Day Trips: Our Lady of Loreto Chapel, Goliad
The little Loreto Chapel stands tall in history
Established on the banks of the San Antonio River in 1749, the presidio was Spain's attempt to protect the area's missions and provide a defense against invaders from Louisiana.
The chapel is named for the Annunciation, when Mary learned she was to be the mother of Jesus at what is now Loreto, Italy.
Texas' first Declaration of Independence from Mexico, preceding the official document by 73 days, was signed on the chapel's altar in 1835. Col. James Fannin and his Texan officers were held prisoner in the chapel before being executed on Palm Sunday, 1836.
The presidio has belonged to the Catholic Diocese of Victoria since 1853, and operated as a museum since the 1960s. Most of the structure was rebuilt in a 1963-67 restoration. The thick walls of the chapel, on the other hand, are almost entirely original.
The chapel is known for its architecture as well as its art. It is one of the few buildings in the U.S. with its original arch supported "groin vaulted" ceiling.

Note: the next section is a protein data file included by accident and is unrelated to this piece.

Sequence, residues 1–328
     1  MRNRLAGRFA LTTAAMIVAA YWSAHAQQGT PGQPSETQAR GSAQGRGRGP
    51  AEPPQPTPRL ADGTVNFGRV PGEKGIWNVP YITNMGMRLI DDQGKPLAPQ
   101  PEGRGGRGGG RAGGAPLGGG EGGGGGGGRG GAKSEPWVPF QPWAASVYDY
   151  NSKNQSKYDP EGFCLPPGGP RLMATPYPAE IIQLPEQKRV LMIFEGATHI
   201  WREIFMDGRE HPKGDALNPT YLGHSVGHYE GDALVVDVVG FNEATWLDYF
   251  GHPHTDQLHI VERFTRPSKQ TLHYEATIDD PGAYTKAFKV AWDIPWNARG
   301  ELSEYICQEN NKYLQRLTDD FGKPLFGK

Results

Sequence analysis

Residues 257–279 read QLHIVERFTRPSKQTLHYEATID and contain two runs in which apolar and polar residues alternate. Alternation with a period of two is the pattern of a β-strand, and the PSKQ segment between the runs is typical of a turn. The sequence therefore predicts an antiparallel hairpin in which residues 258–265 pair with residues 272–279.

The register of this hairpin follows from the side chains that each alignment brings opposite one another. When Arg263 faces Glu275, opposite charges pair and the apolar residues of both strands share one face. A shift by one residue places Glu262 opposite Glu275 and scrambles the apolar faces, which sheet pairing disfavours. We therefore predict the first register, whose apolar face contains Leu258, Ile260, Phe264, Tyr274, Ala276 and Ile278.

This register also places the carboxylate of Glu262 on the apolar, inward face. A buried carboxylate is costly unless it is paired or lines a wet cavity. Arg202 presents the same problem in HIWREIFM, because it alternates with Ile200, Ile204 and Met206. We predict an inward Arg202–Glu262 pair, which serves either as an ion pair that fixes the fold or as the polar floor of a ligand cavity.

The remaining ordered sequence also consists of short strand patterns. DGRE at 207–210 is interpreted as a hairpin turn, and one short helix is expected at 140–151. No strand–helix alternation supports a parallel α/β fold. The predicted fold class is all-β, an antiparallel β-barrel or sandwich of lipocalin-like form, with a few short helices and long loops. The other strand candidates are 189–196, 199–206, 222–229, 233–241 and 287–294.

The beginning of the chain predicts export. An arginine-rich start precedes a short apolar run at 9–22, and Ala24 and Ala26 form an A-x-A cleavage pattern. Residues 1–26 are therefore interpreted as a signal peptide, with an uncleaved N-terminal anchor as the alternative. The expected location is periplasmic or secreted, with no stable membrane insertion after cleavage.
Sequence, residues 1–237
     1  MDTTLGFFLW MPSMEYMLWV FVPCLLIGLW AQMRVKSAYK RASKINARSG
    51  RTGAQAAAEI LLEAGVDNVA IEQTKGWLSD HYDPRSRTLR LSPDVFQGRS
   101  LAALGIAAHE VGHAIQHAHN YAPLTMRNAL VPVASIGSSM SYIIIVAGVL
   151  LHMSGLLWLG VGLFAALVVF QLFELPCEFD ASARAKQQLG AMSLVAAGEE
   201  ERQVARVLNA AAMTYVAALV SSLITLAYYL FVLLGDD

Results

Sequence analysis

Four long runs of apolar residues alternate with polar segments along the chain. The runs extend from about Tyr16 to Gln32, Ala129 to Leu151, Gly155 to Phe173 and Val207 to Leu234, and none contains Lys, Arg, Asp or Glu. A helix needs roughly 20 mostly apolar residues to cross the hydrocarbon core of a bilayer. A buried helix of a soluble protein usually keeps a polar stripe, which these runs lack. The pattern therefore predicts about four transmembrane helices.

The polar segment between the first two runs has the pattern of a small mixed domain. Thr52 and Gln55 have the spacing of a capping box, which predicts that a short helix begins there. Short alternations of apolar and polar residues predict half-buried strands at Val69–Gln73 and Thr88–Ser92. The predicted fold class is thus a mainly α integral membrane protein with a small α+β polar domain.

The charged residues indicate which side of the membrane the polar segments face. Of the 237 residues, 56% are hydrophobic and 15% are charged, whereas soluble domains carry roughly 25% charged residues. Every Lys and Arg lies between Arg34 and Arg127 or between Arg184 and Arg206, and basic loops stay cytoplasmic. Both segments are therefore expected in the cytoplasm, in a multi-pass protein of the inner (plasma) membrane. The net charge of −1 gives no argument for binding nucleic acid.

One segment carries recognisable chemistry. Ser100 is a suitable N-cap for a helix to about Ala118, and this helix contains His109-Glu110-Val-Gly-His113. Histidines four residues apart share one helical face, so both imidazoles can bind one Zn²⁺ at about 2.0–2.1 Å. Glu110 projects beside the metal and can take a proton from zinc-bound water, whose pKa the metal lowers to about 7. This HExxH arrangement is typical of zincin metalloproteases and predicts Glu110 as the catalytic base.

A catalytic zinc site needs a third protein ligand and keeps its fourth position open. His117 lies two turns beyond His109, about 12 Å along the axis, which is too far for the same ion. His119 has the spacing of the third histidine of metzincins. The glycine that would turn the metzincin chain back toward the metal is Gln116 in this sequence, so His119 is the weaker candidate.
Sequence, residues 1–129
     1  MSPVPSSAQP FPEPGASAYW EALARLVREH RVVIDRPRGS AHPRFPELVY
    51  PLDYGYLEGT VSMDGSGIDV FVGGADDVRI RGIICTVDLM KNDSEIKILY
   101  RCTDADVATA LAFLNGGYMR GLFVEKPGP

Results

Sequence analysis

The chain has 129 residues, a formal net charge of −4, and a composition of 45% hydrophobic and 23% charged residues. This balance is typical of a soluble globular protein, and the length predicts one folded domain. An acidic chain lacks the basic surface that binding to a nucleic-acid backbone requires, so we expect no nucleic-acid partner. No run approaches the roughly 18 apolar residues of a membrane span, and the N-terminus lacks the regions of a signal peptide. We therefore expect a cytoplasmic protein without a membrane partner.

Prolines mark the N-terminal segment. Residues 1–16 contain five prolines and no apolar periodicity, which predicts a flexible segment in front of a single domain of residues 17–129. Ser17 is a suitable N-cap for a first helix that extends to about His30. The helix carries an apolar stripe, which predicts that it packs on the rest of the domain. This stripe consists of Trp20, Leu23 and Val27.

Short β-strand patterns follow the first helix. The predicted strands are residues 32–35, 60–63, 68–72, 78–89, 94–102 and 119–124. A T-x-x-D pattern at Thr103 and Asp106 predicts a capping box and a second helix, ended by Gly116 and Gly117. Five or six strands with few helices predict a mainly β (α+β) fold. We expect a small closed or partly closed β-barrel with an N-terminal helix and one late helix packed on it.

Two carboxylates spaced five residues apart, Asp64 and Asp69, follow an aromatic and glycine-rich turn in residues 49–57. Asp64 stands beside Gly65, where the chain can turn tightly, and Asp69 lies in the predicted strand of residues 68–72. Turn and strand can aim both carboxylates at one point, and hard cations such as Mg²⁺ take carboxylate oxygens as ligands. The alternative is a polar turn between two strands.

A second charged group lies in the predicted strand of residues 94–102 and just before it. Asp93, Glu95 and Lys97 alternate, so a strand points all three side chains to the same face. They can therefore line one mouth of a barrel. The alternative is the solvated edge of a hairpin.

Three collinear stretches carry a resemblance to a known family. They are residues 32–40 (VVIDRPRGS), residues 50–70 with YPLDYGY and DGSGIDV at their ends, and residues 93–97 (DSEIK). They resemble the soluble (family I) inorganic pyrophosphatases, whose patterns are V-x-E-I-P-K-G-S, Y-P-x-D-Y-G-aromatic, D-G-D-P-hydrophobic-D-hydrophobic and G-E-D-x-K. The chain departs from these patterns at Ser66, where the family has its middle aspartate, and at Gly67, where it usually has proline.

In 1946, Antonio Garcia of Corpus Christi, the "Michelangelo of South Texas," painted a mural of the Annunciation behind the altar. The painting has a Texas flavor, with a cactus and rattlesnake.
In a niche above the entrance to the chapel is a statue of Our Lady of Loreto created by Lincoln Borglum, who helped his father, Gutzon Borglum, sculpt Mount Rushmore.
Our Lady of Loreto Chapel is open daily when the presidio is open, and Mass is held on Sundays at 5pm. On Sept. 15, the Texas Historical Commission officially welcomes Presidio La Bahía and the chapel as the 35th state historic site.
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